In a purely technical sense, the means of composition—not the means of production themselves—are in the hands of those dispossessed of wealth and capital. This is the crucial way the musical economy prefigured the broader one in our political economy. By crafting, producing, and broadcasting individual or collective projects, a composition working class jury-rigs share economies and drafts pop-up societies—they “make do” in the fullest sense. Culturally enriching a world hollowed out by the loss of collective wealth, composers stylize our troubled and seemingly unsustainable situation. If we take our cue from Attali, by updating his history of the production of music, what can we discover about this relatively new and unmistakably precarious economic reality?

After all, today’s musical production is itself markedly polarized, with pauperized DIY musicians working amid the wreckage of a collapsed music industry and high-profile musicians—really, they are celebrity entrepreneurs—making money from basically everything but their music. The decades since 1977 have been tumultuous for music in the US, and the strange unfolding of DIY, technology, and commerce—with the dramatic collapse of the US’s billion-dollar music industry—has been complex and foreboding.

So much is the DIY ethos of this horizon that DIY music is co-ordinate with the political limitations set by our current order. The earnest calls to rehabilitate the Reagan-era punk movement, militant post-punk situationism, and other insurrectionary musical legacies are a testament to the prevailing desperation for a new political order and the creative destruction of musicians. Admittedly, these calls seem imaginatively bankrupt, if only because these last few decades have left us literally bankrupt. No less, if Attali’s theory has any credit, music’s current political economy might yet signal society’s next horizon. Upon a closer look, contemporary DIY music, still considered a potent site of radicalism, might actually practice ways of breaking out beyond today’s bleak horizon.

The ground covered in Attali’s Noise is no longer speculative: Tech consumerism affords the technology to build worlds. We live the composition economy, and its power of creating society is distinctly set off against the destabilizing economic disenfranchisement of the majority. Attali’s obscure 1977 title ultimately sounds questions that go beyond the cui bono of who profits: If the composition economy—the “new economy”—has bestowed us with the creative and destructive powers of the Pied Piper, then what of the children? Who is leading whom? Most importantly, where to—and to what end?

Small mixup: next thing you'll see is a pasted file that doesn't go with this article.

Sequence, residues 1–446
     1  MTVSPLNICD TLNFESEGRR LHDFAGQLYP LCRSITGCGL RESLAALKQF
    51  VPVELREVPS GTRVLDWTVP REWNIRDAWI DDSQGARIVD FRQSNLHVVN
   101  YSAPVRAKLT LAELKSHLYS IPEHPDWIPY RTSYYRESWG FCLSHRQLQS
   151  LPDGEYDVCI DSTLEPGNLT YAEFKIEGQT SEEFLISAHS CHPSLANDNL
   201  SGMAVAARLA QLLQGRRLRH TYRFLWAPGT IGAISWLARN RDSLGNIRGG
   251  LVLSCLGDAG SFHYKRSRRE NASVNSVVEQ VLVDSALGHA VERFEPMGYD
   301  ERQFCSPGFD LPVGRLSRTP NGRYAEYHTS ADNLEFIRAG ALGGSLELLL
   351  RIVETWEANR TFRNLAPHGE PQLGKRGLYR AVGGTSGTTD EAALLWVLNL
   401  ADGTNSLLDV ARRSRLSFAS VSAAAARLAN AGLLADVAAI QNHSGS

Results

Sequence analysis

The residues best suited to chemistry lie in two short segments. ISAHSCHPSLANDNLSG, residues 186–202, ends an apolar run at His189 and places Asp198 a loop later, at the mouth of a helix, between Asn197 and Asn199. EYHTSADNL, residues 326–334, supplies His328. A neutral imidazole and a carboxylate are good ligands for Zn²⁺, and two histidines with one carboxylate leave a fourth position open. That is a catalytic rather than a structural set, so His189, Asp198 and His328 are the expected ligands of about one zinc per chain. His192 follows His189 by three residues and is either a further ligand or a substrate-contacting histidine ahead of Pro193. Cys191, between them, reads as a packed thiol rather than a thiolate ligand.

December 2017 marks the first anniversary of the fire that consumed Oakland’s Ghost Ship DIY venue and asphyxiated thirty-six show attendees. In its wake, DIY venues across the country have been shut down, precipitated, in part, by the online alt-right, who seized the opportunity to “crush the radical left.” In New York alone, over 20 percent of small local venues have closed, including the beloved Shea Stadium, the digital archive of which still speaks to DIY’s culturally productive possibilities. While this tragedy and the ensuing crackdown are only the most recent episode, the saga of DIY music has always been one of survival, operating within and without authorized establishments, finding resourceful ways to stay alive.

From 1974, when CBGB owner Hilly Kristal told the Ramones, “the only way you can play here is you have to do only your own music,” the following four decades would prove DIY music to be a thoroughly resilient community. This is due, in no small part, to its longstanding alternative political economy, so despised by the modern alt-right.

It’s tempting to mark Kristal’s response to the Ramones in ‘74 as the beginning of DIY music in America for many reasons, the bulk of which miss the mark. It’s not because the Ramones were underground, played within their limited means, or are said to have codified “punk”—DIY’s signature genre. In fact, nothing about them makes it so. After all, plenty of other counter-cultural bands, perhaps enamored of the Beatles’ performance on The Ed Sullivan Show in ’64, procured instruments and spent a hellish and unrewarding decade trying to catch the attention of major record labels. The difference between two bands from Michigan—the Stooges and the all-Black band Death, both admittedly spurred into music by the employment crisis—tells the gamut of outcomes. What makes Krystal’s response an inception of sorts is that CBGB was representative of a country-wide development of small bar-venues patronizing original musicians. This decentralized musicians’ economic relationship from major labels and their opulent studios, outsized concert venues and festivals, and TV’s push-pull fascination with youth culture toward multiplying local, relatively sustainable, and ultimately makeshift economic hubs.